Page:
Finally, the perceptual loss only helps a little for quantitative evaluation, but it can help generate more visually appealing output images. We show an qualitative example in fig. 2, where the hazy input, the groundtruth clear image, outputs of our network without normalization layers and no perceptual loss (NA-NA), our network with instance normalization and no perceptual loss (IN-IN), and our network with instance normalization and perceptual loss (IN-IN-Percep). We enlarge the bottom left corner of the results to show more details. The results of IN-IN look much better than NA-NA. The enlarged area of the result with perceptual loss (IN-IN-Percep) looks sharper and clearer.
4.3 Cross-domain evaluation
|D-Hazy-NYU ||D-Hazy-MB ||I-Haze ||O-Haze |
In this section, we focus on the cross-domain performance by evaluating our network trained on RESIDE-standard  on the cross domain datasets, D-Hazy , I-Haze  and O-Haze . We compare with baseline methods that have publicly available code, and these are strong baselines according to benchmark evaluation in table 1. For learning-based methods DehazeNet , MSCNN , and AOD-Net , we use the best model the authors have released. MSCNN  and AOD-Net  are trained with synthetic images similar to RESIDE-standard, while DehazeNet  is trained with patches of web images.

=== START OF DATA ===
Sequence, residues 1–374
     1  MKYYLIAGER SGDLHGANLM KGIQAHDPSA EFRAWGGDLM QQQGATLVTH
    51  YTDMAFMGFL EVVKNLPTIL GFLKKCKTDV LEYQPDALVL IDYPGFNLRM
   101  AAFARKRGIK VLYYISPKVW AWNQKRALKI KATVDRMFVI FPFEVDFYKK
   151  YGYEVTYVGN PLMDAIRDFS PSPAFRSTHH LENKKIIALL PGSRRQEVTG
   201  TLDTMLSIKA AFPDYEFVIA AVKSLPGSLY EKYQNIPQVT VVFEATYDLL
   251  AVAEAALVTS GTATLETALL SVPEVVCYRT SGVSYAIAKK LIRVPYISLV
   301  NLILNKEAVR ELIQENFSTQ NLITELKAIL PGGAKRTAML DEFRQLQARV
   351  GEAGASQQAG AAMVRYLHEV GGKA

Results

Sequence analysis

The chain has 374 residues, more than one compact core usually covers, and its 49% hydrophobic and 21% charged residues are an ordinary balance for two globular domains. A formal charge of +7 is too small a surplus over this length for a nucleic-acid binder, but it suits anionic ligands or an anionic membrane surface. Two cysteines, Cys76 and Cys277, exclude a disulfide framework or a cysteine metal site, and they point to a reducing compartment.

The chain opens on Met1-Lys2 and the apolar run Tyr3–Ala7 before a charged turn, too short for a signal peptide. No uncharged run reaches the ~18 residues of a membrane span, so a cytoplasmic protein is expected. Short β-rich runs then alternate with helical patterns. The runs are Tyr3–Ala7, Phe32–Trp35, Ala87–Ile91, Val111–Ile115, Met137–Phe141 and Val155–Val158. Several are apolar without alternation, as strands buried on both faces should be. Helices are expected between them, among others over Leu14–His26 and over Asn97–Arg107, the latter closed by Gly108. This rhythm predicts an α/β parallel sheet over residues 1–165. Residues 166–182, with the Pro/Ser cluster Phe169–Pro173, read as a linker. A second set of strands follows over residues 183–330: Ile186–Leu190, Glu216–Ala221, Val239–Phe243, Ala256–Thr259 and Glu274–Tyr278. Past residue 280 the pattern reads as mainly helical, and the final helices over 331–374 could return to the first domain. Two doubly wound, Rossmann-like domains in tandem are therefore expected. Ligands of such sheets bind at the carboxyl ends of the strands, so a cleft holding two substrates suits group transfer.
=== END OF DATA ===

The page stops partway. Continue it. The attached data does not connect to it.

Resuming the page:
We present the quantitative results in table 3, where we use bold to label the best results and underline to label the second best results. Our approach achieves best results, or close to the best results for all the cross-domain evaluations. Our first observation is that the learning-based methods [5, 28, 22], including ours, generalize reasonably well and perform equally or better than the prior-based methods [15, 44].
Our network performs well on the cross-domain D-Hazy dataset . Particularly, our approach outperforms all baseline methods by a large margin on the images synthesized from NYU depth dataset. D-Hazy dataset is synthesized by the same clear images as our training data RESIDE-standard, but uses different parameters of the atmospheric scattering model. Our trained network has effectively captured the statistics of the deep features of the desired clear images.